Donald Trump suggested that the Orlando nightclub massacre might not have ended so tragically had clubgoers been armed.
“If we had people where the bullets were going in the opposite direction right smack between the eyes of this maniac. If some of those wonderful people had guns strapped right here, right to their waste, or right to their ankle, and this son of a bitch comes out and starts shooting, and one of the people in that room happened to have it and goes boom, you know what, that would have been a beautiful, beautiful sight, folks. That would have been a beautiful, beautiful sight,” Trump said Friday at an event in The Woodlands, Texas.
Despite Trump’s claims on June 15 that there were “no guns on the other side” in the mass shooting in Orlando, there was an armed security guard working at Pulse nightclub the night that Omar Mateen opened fire, killing 49 people and injuring 53 more.
Adam Gruler, a 15-year veteran of the Orlando Police Department working security for Pulse nightclub that night, exchanged gunshots with the gunman near the club’s entrance.
At his campaign rally in Atlanta, the presumptive GOP nominee for president said there would’ve been fewer deaths “if the bullets were going in the other direction, aimed at the guy who was just in open target practice.” Adding the U.S. needs to accept immigrants who “don’t want to destroy us, that don’t want to go to a club where you have innocent people, and where you had no guns on the other side.”
According to a statement by the Orlando Police Department on June 12:
According to the Orlando Sentinel, at least two Orlando Police Department officers responded to the scene within minutes and fired at Mateen before he retreated to a club bathroom with hostages.
He was met by gunman Omar Mateen. Armed with a .223 caliber AR type rifle and a 9mm semiautomatic pistol, Mateen started exchanging gunfire with the officer.
Gruler quickly realized he was outgunned and called for backup. Gruler retreated and Mateen ran further inside the club.
Lt. Scott Smith and Sgt. Jeffrey Backhaus arrived a couple minutes later and rushed into the club. There was another flurry of shots between them and Mateen.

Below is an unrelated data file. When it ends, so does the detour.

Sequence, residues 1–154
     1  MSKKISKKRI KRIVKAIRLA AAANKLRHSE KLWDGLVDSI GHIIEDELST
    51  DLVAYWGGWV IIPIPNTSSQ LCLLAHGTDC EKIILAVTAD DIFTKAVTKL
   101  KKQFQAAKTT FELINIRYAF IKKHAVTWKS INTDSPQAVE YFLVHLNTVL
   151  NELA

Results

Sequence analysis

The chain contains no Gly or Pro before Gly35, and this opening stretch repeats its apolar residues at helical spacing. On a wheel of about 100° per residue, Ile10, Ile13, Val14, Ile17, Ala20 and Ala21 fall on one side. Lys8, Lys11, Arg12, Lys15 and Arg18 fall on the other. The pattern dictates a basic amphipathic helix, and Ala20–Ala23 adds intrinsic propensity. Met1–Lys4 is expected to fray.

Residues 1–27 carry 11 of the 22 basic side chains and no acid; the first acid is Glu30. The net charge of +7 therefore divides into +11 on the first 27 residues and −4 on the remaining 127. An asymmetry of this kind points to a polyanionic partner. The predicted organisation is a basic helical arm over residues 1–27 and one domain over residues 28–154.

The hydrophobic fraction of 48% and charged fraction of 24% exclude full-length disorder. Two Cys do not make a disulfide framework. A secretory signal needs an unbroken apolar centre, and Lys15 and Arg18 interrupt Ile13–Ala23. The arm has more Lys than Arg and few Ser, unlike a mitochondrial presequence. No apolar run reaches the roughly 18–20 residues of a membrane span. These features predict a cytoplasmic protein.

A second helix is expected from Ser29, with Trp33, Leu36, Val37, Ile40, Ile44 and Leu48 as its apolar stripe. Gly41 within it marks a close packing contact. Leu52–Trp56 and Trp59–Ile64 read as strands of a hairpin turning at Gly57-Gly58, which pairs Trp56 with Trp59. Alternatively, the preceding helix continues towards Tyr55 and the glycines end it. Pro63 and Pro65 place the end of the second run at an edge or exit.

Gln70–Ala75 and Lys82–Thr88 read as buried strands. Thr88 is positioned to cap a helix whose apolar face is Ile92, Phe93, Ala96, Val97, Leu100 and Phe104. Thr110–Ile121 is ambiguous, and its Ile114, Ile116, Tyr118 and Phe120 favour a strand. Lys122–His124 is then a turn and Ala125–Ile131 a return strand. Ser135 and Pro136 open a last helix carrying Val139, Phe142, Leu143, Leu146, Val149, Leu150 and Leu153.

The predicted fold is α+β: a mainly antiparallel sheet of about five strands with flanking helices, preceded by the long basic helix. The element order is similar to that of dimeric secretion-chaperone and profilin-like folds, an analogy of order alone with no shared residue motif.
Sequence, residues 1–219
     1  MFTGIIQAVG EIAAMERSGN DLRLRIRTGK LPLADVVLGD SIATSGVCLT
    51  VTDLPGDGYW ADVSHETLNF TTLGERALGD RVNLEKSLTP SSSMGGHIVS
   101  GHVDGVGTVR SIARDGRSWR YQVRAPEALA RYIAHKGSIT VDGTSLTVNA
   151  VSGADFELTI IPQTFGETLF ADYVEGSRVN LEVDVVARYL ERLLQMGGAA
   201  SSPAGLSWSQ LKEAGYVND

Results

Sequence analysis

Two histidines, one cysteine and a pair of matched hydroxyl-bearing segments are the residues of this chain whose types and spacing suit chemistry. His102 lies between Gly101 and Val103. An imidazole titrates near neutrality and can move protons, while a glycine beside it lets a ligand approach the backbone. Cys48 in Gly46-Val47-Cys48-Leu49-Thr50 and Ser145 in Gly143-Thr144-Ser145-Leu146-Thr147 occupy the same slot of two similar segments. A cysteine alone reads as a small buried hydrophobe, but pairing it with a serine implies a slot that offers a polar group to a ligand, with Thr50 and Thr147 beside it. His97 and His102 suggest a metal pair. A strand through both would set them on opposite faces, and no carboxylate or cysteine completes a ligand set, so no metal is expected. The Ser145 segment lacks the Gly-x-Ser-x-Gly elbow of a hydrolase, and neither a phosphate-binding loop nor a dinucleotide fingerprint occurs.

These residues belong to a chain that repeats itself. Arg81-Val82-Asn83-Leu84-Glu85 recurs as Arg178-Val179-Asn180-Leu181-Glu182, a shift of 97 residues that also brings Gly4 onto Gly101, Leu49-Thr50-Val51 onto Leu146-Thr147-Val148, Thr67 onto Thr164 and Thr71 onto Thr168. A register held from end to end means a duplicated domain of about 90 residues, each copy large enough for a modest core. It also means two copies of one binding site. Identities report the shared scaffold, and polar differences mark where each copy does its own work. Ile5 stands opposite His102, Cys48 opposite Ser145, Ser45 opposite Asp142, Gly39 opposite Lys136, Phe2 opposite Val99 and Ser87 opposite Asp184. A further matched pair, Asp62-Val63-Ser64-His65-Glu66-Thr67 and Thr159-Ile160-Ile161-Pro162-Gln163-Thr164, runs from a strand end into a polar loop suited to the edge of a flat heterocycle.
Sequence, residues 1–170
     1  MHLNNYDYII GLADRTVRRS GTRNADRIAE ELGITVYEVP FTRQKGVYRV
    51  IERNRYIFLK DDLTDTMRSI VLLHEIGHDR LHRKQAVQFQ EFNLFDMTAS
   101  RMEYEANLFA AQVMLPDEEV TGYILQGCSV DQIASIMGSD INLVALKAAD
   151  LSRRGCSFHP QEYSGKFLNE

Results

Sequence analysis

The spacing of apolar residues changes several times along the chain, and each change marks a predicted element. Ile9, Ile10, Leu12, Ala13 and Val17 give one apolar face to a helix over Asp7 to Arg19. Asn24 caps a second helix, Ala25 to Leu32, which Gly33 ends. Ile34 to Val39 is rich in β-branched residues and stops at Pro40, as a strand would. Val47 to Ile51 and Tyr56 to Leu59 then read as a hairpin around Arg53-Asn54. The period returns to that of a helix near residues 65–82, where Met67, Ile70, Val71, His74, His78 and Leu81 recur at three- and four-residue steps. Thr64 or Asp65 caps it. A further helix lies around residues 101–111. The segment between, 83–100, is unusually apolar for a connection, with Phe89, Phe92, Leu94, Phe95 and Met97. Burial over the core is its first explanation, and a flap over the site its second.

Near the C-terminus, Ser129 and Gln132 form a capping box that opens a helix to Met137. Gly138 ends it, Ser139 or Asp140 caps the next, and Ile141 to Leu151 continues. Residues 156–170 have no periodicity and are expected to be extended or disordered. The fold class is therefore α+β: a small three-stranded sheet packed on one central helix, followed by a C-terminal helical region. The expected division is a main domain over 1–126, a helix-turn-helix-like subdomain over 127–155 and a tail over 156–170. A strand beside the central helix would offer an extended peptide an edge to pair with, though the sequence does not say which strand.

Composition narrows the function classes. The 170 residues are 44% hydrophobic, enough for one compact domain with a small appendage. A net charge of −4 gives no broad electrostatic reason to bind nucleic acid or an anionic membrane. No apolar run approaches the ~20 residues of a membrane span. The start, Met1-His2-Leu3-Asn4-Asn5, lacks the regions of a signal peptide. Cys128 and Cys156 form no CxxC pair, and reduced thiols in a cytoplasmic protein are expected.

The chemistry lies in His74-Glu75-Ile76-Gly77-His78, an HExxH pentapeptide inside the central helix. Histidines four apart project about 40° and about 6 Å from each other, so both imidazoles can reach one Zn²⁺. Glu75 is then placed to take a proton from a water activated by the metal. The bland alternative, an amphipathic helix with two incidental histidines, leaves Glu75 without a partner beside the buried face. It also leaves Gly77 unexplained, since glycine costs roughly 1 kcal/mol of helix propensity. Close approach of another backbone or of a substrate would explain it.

According to a new study, researchers found a 7.8 times higher risk of ambulance calls for patients with trauma in areas with the highest density of bars and restaurants licensed to serve alcohol, compared to a low density of such establishments, reports Eurekalert.
The findings, by Dr. Joel Ray, a physician at St. Michael’s Hospital and a researcher in its Li Ka Shing Knowledge Institute, were published today in the journal Medicine. The study was conducted in Peel Region near Toronto, but Dr. Ray said the results are relevant to other jurisdictions.
Dr. Ray also found that EMS calls for assaults near a bar or restaurant peaked dramatically at 2 a.m., when the sale of alcohol must stop in the province of Ontario. Such calls nearly tripled at the end of the month when monthly paycheques are often deposited.
The study determined the risk of EMS calls in association with the density of bars and restaurants service alcohol in Peel, where all on-premise and off-premise alcohol establishments are licensed by the provincial government and the legal drinking age is 19.
The study found the relationship between the density of licensed alcohol establishments and EMS calls for trauma ranged from 45.3 per 1,000 calls in areas with no on-premise licensed alcohol establishments to 381 per 1,000 in areas with the highest density of such establishments.